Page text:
MMDF was originally developed at the University of Delaware in the late 1970s, and provided the initial means of operating CSNET, the predecessor to NSFnet. It grew in popularity throughout the 1980s, and was selected by the Santa Cruz Operation as the MTA it would distribute with SCO UNIX in 1989. It was also adopted as the basis for other commercial efforts, including the gateway used to connect the MCI Mail service to Internet mail. A re-coded variant of MMDF, called Pascal MDF (PMDF) was written at the University of Pennsylvania for VMS and was eventually commercialized through Innosoft, which subsequently ported PMDF to Tru64 Unix and Solaris. In 1999 PMDF was translated from Pascal to C. The C version of PMDF became the basis of the Sun Java System Messaging Server of Sun Microsystems, while rights to PMDF itself were purchased by Process Software, which then ported PMDF to Linux.
As its name denotes, MMDF is an MTA oriented around the idea of channels. Each means of formatting and transporting mail into or out of the mail system is a channel, and is implemented by a separate executable. This makes MMDF a highly modular system, with each module having all of the idiosyncratic syntax and semantic information necessary for a particular email technology or network, as well as the least privilege necessary, with the authority of each module partitioned from others. An inbound channel receives messages (via the protocol and in the format it implements) and an outbound channel delivers messages (via its relevant protocol and mapping into the relevant format). Internally, MMDF uses a canonical representation for message content and header, including addresses.
A message that flows through MMDF will typically follow this path:
- An inbound channel accepts a message.
- It invokes the core of the MMDF system, a program called submit, and feeds it the message as well as the out-of-band information for the message - return address, recipient, etc.
- Submit stores the message text after doing any necessary header rewriting, determines what channel(s) will be used to deliver the message, and injects the message into the queues for those channels.
- Depending on configuration, submit may then call deliver, or deliver may run later as part of periodic processing. Deliver does no direct processing of messages; instead it invokes outbound (delivery) channels, tells them which messages to process, and gives them a list of recipient addresses for each message.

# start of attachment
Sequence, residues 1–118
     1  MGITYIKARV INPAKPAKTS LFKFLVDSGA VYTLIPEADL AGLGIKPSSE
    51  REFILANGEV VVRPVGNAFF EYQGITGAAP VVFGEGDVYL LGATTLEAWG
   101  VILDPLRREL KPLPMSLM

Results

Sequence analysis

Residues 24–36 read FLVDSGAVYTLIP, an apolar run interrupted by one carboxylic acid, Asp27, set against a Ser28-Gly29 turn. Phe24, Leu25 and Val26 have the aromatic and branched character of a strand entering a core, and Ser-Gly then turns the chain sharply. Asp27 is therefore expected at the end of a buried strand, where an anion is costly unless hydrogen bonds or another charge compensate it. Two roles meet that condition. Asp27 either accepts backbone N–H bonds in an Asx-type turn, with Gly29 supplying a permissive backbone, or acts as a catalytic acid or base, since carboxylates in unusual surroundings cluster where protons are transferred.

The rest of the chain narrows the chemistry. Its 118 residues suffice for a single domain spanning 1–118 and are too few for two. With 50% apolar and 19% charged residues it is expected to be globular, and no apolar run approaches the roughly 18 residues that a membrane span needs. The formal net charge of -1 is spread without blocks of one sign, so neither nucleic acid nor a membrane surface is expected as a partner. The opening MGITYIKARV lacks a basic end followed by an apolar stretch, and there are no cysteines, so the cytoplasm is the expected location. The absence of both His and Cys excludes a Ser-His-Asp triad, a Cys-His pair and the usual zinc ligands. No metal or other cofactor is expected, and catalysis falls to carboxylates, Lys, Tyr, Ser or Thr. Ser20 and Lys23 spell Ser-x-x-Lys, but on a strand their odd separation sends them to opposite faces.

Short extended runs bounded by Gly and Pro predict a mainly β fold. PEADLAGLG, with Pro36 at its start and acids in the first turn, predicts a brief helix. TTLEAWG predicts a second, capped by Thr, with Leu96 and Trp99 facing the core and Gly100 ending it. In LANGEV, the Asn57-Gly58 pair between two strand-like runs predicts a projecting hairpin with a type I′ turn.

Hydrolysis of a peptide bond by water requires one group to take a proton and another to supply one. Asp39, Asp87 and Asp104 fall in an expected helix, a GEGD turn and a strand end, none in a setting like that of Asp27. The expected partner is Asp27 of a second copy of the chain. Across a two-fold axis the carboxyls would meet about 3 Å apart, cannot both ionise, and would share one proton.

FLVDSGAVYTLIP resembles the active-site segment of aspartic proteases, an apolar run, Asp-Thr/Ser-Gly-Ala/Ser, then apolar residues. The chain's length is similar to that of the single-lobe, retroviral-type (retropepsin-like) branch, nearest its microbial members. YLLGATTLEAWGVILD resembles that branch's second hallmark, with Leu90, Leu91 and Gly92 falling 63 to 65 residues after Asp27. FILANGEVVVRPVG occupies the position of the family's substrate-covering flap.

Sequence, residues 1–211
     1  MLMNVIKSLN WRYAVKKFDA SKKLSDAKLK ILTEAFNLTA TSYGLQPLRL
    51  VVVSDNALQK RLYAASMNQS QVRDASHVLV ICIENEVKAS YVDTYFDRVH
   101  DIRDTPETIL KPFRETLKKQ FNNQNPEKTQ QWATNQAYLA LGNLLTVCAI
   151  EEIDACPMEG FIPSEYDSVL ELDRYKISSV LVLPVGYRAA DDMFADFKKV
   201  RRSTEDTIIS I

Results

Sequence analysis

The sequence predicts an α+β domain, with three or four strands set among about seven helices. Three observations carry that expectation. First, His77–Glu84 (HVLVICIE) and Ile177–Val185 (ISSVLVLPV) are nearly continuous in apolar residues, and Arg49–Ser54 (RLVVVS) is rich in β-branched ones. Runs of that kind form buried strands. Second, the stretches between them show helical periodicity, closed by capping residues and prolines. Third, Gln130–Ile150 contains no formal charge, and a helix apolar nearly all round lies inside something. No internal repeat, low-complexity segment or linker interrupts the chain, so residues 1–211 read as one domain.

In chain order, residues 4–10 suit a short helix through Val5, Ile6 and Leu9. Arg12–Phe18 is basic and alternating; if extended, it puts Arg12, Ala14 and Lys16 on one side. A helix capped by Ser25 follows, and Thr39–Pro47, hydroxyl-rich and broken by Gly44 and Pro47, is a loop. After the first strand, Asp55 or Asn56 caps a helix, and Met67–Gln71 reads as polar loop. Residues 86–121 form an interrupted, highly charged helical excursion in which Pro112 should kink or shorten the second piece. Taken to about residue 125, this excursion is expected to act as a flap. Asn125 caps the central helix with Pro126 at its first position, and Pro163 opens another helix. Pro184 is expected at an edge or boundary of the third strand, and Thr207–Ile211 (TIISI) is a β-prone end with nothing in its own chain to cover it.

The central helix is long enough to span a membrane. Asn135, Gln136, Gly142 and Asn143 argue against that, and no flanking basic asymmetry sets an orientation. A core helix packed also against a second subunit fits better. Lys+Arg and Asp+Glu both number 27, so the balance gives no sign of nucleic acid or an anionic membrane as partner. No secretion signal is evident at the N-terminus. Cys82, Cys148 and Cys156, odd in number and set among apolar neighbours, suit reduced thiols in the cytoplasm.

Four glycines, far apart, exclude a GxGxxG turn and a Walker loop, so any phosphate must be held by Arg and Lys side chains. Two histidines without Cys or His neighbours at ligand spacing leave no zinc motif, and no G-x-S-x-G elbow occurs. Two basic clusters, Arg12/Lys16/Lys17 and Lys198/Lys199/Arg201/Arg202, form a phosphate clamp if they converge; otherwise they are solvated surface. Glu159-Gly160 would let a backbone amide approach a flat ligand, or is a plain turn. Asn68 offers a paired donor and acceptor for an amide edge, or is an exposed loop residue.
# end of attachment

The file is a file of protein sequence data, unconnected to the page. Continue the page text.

- Each outbound channel delivers the message to those recipients who are to be reached by that channel, and reports to deliver which addresses were successfully delivered to.
- Deliver then updates the queues to mark the addresses that were delivered to, removes the message from any queues that have been completely processed, and if all queues have been processed removes the message text itself.
MMDF approaches administrative configuration differently than other popular MTAs. In the choice between placing specialized knowledge into the software, versus requiring that it be created through administrator's configuration instructions, MMDF chose the former. Hence, arbitrary header rewriting is performed by hard-coded software, with configuration limited to choices among existing rewriting alternatives. This makes configuration simpler and safer for administrators, who use simple key-value textual tables. It also takes more effort to create a new rewriting choice, but that effort needs to occur only one time, by a single technical expert.
The main types of tables are domain, channel, and alias tables.
- Domain tables are used for domain name canonicalization.
- Channel tables select the outbound channel on the basis of the next-hop domain name, and also encode per-domain-name parameters for the particular channel, such as the UUCP node name or IP address.
- Alias tables set up both simple aliases and mailing lists.
DNS can be and usually is used for these purposes as well, in the form of "DNS tables" that have the same key-value form. The meaning and effect of entries in these tables are more obvious than the configuration data of more generalized MTAs, but their restricted form also limits the effects that can be produced.
- Dave Crocker (August 18, 2008). "Impact of Email Work at The Rand Corporation in the mid-1970s" (PDF). Retrieved September 30, 2011.
- Ken Simpson and Stas Bekman (January 5, 2007). "Fingerprinting the World's Mail Servers". SysAdmin. O'Reilly Publishers. Retrieved September 30, 2011.